Adequately proving that they can be dangerous when aroused, the intelligentsia of New York have met together in solemn conclave to offer their support to a bill before the State Senate. This measure provides that publishers of allegedly obscene books as well as independent booksellers are to be held liable before the courts. Though at first glance this resembles the work of the Watch and Ward at its most obnoxious, further investigation reveals that there is stratagem embodied in the bill which fully justifies is proponents.

For this law, if passed, will force vice societies to prosecute not merely the owners of small bookshops, but the Simon and Shusters, too. When faced by the sort of opposition that the latter can offer, the self-appointed censors will be less eager to enforce their ethi-co-literary standards on the rest of the community. As matters now stand, independent book-sellers cannot afford to take up cases in court, but find it less costly to settle their difficulties by with-drawing the books in question. Thus there are very few test cases where publicity and opinions can be mobilized to fight the suppression of literature that rightly belongs to the reveling public. If, however, the publishers are implicated, they will be willing and able to contest the actions of the local Catos, and their strength will encourage the minor sellers to force the issue also.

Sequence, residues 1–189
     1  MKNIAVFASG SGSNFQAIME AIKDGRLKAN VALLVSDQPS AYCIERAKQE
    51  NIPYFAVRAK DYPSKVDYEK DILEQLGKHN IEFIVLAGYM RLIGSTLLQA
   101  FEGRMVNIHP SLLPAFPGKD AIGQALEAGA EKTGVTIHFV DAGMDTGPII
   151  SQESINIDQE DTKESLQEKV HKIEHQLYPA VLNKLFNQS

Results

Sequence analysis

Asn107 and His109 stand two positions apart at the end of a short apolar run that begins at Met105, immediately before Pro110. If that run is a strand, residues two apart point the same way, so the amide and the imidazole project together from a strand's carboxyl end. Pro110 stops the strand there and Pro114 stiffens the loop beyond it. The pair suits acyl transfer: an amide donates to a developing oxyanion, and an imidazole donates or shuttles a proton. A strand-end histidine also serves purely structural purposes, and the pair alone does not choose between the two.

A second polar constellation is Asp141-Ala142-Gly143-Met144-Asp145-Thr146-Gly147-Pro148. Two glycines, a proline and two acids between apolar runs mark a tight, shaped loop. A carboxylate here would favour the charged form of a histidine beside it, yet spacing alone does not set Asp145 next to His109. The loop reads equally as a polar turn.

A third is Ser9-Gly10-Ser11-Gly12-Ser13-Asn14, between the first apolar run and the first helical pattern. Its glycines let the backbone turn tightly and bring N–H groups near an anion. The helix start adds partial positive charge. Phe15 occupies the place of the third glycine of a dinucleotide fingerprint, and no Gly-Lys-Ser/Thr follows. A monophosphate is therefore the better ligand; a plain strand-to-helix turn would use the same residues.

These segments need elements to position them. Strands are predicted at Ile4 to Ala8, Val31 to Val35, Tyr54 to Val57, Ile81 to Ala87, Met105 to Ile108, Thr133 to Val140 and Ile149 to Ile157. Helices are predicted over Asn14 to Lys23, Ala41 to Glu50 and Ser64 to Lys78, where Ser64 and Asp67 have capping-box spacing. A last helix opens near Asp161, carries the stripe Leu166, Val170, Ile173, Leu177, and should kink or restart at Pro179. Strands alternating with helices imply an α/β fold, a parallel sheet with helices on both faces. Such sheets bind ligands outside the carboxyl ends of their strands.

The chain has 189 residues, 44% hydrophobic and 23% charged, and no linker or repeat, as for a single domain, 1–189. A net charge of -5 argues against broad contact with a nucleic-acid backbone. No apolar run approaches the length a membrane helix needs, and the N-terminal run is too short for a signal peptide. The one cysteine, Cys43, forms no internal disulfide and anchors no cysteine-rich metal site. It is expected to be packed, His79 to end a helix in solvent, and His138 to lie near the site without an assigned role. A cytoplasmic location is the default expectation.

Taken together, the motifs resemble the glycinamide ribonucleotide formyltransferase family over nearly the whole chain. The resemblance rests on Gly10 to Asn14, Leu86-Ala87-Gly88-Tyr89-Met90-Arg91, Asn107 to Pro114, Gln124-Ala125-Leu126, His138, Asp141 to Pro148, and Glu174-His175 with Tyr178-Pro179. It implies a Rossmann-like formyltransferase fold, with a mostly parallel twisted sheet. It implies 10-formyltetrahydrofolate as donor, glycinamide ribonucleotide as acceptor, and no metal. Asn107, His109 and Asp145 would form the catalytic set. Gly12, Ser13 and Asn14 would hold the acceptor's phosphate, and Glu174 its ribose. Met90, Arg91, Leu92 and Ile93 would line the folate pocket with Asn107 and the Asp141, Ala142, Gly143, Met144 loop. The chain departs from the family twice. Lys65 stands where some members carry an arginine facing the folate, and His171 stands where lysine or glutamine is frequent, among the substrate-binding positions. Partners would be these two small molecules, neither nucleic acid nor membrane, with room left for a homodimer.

Whether or not this particular bill is enacted, a similar one should be presented to the Massachusetts Legislature. The council of supporters formed in New York by Roger Baldwin '04, has indicated the way out for Boston. With the backing of the universities and such sensible people as the state contains, the measure might be pushed through, despite the watchdogs of the public conscience.